Tuesday, March 15, 2011

by Janet Lawler

Have you ever wanted to write about your own life?  Come on, you know you have! Maybe turn it into a movie or book?  We all have a story to tell, right?  It takes courage to tell the truth... the raw truth... but we can do it honestly and yet fictionalize it to reach an audience.

I just finished reading Jen Grisanti's new book Story Line: Finding Gold in Your Life Story.  If you're considering putting your life down on paper, read Grisanti's book first.  It guides a writer through creating a "log line for your life" just like a movie log line, drawing from your truth without shame or fear, writing about universal themes and moments that will hook your audience emotionally.

Isn't that what makes us want to read a new book or go see a movie?  We want to feel something... learn something... feel connected to others... to know we're not alone.

Being able to write about a real incident is terrifying.  How factual must we be?  Will we hurt someone's feelings?  Do we have to write it exactly as it happened?  Will we wind up on Oprah's show defending our truth, sentence by sentence?

Relax.  Grisanti's book frees up the writer to pull from that gritty reality but disguise it in fiction within a solid story foundation (structure).

Jen Grisanti has a track record in the TV industry.  She worked for Spelling Television as a creative executive during its "Beverly Hills, 90210" and "Melrose Place" days.  Spelling was her mentor and boss.  She went on to become VP of Current Programs at CBS/Paramount.  In 2008, she left that post (when her contract wasn't renewed, which she writes about with candor) and decided to start her own consultancy business Jen Grisanti Consultancy (during the start of the Great Recession).  Now that takes courage!

Grisanti's brand is "Developing from Within".  She explains how scripts, plays, novels can be more meaningful to an audience, and to us as the creator, by digging deep into our past and having the strength to reveal what we've survived.  Universal moments -- divorce, a parent dying, losing a job, battling illness -- are dilemmas most of us can relate to on some level.  Through that loss and pain, we can help others.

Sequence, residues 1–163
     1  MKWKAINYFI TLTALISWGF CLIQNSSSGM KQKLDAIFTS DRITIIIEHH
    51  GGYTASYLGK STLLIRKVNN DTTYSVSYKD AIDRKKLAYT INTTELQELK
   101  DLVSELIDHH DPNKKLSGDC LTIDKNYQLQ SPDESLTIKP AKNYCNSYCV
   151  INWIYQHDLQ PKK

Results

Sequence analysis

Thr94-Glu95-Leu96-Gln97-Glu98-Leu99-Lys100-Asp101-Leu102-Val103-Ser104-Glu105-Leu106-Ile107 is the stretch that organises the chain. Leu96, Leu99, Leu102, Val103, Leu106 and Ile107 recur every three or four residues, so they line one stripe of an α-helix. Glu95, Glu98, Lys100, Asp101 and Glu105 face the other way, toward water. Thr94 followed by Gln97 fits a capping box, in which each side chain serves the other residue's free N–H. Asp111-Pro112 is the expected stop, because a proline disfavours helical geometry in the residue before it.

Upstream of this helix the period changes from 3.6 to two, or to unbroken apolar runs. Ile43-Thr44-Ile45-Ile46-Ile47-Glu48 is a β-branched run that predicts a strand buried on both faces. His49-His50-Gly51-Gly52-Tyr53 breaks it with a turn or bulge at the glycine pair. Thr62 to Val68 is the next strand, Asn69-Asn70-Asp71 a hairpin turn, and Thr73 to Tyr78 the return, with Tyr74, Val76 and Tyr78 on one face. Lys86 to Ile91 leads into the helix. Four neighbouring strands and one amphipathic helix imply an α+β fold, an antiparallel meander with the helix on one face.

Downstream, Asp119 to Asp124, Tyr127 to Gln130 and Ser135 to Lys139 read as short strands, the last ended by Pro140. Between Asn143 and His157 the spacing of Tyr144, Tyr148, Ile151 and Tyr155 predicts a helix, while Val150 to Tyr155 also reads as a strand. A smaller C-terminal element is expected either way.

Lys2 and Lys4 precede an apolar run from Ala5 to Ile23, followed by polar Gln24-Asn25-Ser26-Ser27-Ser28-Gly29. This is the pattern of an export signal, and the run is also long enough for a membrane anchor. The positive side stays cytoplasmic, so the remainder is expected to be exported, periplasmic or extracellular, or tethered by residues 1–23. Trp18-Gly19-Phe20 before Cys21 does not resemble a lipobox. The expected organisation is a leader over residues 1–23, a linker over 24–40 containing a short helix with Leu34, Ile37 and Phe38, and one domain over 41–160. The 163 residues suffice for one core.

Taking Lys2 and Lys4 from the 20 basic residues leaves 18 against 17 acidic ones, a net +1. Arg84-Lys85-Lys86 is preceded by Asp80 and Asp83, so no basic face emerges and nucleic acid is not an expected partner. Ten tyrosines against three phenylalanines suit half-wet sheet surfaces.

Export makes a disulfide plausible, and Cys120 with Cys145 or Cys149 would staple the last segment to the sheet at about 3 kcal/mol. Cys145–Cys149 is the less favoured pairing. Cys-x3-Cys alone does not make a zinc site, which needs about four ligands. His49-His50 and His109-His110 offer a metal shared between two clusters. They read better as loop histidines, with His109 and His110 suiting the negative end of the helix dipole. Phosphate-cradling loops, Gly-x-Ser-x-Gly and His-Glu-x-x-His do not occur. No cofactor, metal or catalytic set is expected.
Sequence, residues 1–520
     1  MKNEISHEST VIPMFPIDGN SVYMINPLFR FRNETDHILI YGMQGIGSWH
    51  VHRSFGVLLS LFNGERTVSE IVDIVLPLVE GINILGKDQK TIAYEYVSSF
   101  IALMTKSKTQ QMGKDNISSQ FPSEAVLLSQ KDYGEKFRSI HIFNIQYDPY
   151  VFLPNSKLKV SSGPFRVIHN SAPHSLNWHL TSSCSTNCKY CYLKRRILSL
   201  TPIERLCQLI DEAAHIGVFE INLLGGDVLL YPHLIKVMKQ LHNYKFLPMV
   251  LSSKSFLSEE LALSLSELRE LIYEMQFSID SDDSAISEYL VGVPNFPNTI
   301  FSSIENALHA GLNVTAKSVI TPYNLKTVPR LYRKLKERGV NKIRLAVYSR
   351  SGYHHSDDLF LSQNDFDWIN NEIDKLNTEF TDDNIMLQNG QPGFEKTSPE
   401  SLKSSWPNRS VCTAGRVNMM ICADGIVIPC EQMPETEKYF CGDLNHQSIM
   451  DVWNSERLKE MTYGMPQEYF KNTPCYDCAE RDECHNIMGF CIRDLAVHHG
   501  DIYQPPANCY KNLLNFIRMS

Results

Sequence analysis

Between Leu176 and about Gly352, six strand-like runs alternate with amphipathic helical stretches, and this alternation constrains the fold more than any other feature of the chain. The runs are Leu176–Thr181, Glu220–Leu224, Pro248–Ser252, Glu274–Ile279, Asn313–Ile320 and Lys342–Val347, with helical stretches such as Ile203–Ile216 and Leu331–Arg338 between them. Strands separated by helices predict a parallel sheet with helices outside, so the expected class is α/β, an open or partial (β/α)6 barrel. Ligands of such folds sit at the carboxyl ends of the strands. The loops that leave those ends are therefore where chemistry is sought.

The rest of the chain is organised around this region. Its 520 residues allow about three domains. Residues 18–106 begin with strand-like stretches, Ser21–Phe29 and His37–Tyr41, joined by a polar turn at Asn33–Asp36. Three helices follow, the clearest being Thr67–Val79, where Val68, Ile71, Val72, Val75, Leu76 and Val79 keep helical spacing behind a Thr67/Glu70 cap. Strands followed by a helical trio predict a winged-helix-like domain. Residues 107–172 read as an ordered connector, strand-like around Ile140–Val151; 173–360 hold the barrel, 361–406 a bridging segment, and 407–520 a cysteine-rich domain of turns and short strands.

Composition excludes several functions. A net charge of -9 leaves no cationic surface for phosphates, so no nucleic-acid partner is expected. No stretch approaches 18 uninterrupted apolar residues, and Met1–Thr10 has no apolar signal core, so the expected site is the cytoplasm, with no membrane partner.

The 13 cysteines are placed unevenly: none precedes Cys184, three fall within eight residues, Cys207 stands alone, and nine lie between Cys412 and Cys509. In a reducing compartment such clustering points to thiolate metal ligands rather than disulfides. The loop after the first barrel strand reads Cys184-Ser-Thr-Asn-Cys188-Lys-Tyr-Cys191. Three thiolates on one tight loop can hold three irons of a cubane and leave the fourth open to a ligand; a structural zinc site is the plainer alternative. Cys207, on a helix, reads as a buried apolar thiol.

Many people find a great Act 3 after a devastating Act 2.

I recently ran into a woman I hadn't seen in about four years.  She looked freakin' FANTASTIC!  New hairstyle and color, stylish outfit and she had dropped 50 pounds... I kept telling her how amazing she looked... what was her secret?  She laughed and said she got divorced. "I like my independence," she beamed.  Well, does she ever... she found a new love and an entire new outlook about herself and life.  The back story was: her husband cheated on her, she took him back (they had two young sons); he cheated again and she finally threw the bum out! This woman needs to write her life story, pronto!  Talk about The Good Wife.

Gristanti's book Story Line touches on stories like above -- in movies and real life.   We've all had our "all is lost" moments.  So how do we go on?  How do we pick up the pieces?  Set new goals?  Often renewal and transformation comes after we hit that brick wall... when we're forced to change direction to survive.

And, we can also write about it.  Purge it on paper.  Truth can elevate fiction, Grisanti notes.  I'm currently writing a play about my sister.  She died at 37 after battling drug abuse since her teenage years.  It's excruciating... it's painful... it's an all up hill battle for me... but I know my sister's story deserves to be told... maybe it will save one young girl from turning to drugs. 

Grisanti's book is a worthy read for my project.  I'm floored by her raw honestly in every chapter.  She never holds back about her own "all is lost" moments... her husband's infidelity, her divorce, her climb up the corporate ladder in Hollywood, what that career cost her, losing her job in her 40s, being single again and having to reinvent herself by starting her own business from scratch.  Wow.  The good news -- she's in a better place for having traveled that path.  It's all there on the page.  She writes without trying to sugar coat events or protect her "corporate image".  Most people would need a glass of wine or two to open up this way.  Grisanti's story and experiences touched me deeply as a reader and writer... the whole point of the book.

I've long followed Grisanti through her podcast Story Wise which is available for free on iTunes http://itunes.apple.com/us/podcast/jen-grisanti-consultancy/id315874121.  On her podcast she interviews top Hollywood writers and producers.  I really like Grisanti's style -- warm, insightful, fun and yet structured.  She pulls gems out of these writer/producers weekly for her audience to learn from.  An hour with Story Wise is time well invested.

So the next time life kicks your butt, start taking notes.  When the stakes are high, when you're facing insurmountable odds, breathe, and remember that setbacks force us into new directions, for a reason.

Attention to my NYC Bloggers... mark those calendars... Jen Grisanti will be at the Drama Book Shop (one of my favorite places!) on April 15th from 5-6:30 PM for a book signing.  Also she'll be giving a Screenwriting Conference for Movie Maker Magazine June 11 &12th.  Check her out!

Happy St. Patrick's Week!

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